Greensburg’s Used Furniture Outlet to close by end of year |

Greensburg’s Used Furniture Outlet to close by end of year

Jacob Tierney
Jacob Tierney | Tribune-Review
Some Like it Olde, also known as the Used Furniture Outlet, on South Pennsylvania Avenue in Greensburg is slated to close by the end of the year.

Some Like it Olde, the antique store better known to Greensburg residents as the Used Furniture Outlet, will close by the end of the year.

Owners Frank and Marian Ernhart sold their three-story South Pennsylvania Avenue building for $155,000 to Southpaw Properties, a company based in Pittsburgh and Columbus. “We’re at the age where we’re ready to retire, so we needed to sell the building to help us be able to retire,” said Frank Ernhart, 88.

The property houses several apartments in addition to the shop.

The Ernharts opened the Used Furniture Outlet in the late 1980s, but eventually decided running a shop wasn’t for them. They maintained ownership of the building, but the business changed hands and names several times.

Edward Wilding has owned it since 2014. The sign out front still says “U.F.O.,” but officially its name is Some Like it Olde. The shop houses about a dozen vendors selling antiques and collectibles.

Wilding used to be the Ernhart’s main supplier of furniture and antiques. He said he’s always been a “picker,” rummaging through discarded objects to find hidden gems.

“I was an American Picker… just like on TV,” he said. “I accumulated so much stuff, I needed an outlet, so I put some of it in an antique shop and it sold.”

The store will close by Dec. 31.

The vendors who operate out of Some Like it Olde are in talks with another Greensburg property owner who might be opening an antique mall soon, though plans aren’t finalized, Wilding said.

Chad Reed, project manager for Southpaw Properties, said his company hasn’t decided what to do with the building’s retail space. It would make a good restaurant or microbrewery, but doesn’t have the parking to support that kind of business, Reed said.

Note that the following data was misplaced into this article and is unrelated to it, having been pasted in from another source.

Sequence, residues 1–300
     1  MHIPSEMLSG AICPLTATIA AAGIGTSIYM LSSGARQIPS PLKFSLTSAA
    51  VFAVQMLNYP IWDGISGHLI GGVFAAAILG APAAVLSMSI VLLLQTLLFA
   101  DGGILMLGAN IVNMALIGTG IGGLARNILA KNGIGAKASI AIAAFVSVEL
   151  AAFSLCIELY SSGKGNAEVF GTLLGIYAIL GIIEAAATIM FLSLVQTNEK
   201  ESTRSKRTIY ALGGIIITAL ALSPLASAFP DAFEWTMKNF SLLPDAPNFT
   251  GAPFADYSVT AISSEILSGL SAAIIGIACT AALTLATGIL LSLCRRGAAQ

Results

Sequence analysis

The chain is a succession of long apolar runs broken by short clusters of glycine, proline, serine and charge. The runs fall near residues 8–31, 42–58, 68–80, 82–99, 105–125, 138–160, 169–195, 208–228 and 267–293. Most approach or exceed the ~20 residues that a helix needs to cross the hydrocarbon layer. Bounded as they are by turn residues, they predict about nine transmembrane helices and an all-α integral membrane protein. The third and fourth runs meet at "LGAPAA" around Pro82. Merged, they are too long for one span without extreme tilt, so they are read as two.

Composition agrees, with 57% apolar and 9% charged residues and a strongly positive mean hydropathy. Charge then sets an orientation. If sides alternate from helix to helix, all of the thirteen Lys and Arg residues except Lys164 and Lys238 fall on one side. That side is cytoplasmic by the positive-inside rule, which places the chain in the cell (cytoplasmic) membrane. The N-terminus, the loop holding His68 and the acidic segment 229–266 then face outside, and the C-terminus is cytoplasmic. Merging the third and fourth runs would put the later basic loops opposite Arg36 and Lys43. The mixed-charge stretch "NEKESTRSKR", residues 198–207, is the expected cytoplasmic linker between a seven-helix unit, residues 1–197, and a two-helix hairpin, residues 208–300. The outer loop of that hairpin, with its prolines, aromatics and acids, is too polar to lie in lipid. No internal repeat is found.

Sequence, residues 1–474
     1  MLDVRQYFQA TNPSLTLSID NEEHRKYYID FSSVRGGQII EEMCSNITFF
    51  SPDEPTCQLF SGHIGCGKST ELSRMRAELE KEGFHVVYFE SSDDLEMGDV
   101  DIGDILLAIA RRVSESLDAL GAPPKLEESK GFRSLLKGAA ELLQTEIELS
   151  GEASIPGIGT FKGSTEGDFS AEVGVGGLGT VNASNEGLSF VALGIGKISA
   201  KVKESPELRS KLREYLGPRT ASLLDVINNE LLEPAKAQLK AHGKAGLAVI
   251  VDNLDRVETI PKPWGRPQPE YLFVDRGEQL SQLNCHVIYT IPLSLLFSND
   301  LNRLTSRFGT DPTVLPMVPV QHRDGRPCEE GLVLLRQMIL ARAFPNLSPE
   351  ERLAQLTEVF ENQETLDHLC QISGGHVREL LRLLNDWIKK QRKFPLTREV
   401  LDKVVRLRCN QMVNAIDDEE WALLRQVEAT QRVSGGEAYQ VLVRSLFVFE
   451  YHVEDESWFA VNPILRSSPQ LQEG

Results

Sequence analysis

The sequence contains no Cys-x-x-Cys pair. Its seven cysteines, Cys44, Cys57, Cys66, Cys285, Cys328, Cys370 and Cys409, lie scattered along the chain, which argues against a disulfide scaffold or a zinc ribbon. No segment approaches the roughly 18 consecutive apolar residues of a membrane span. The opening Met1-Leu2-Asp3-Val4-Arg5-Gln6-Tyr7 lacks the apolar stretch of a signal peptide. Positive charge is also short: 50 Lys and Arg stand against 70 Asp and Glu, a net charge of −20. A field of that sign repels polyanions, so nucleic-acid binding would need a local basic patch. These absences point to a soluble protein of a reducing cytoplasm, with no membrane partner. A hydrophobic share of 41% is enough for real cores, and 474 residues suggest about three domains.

“We’re really a long way away from figuring out what we can do with that,” he said.

As for Wilding, he plans to enjoy retirement.

“I’m going to jump in my RV, and I’m headed out,” he said.

One thing won’t change. He’ll always be looking for treasure among trash.

“You can’t stop picking,” he said.

Jacob Tierney is a Tribune-Review staff writer. You can contact Jacob at 724-836-6646, [email protected] or via Twitter .

Categories: Local | Westmoreland
TribLIVE commenting policy

You are solely responsible for your comments and by using you agree to our Terms of Service.

We moderate comments. Our goal is to provide substantive commentary for a general readership. By screening submissions, we provide a space where readers can share intelligent and informed commentary that enhances the quality of our news and information.

While most comments will be posted if they are on-topic and not abusive, moderating decisions are subjective. We will make them as carefully and consistently as we can. Because of the volume of reader comments, we cannot review individual moderation decisions with readers.

We value thoughtful comments representing a range of views that make their point quickly and politely. We make an effort to protect discussions from repeated comments either by the same reader or different readers

We follow the same standards for taste as the daily newspaper. A few things we won't tolerate: personal attacks, obscenity, vulgarity, profanity (including expletives and letters followed by dashes), commercial promotion, impersonations, incoherence, proselytizing and SHOUTING. Don't include URLs to Web sites.

We do not edit comments. They are either approved or deleted. We reserve the right to edit a comment that is quoted or excerpted in an article. In this case, we may fix spelling and punctuation.

We welcome strong opinions and criticism of our work, but we don't want comments to become bogged down with discussions of our policies and we will moderate accordingly.

We appreciate it when readers and people quoted in articles or blog posts point out errors of fact or emphasis and will investigate all assertions. But these suggestions should be sent via e-mail. To avoid distracting other readers, we won't publish comments that suggest a correction. Instead, corrections will be made in a blog post or in an article.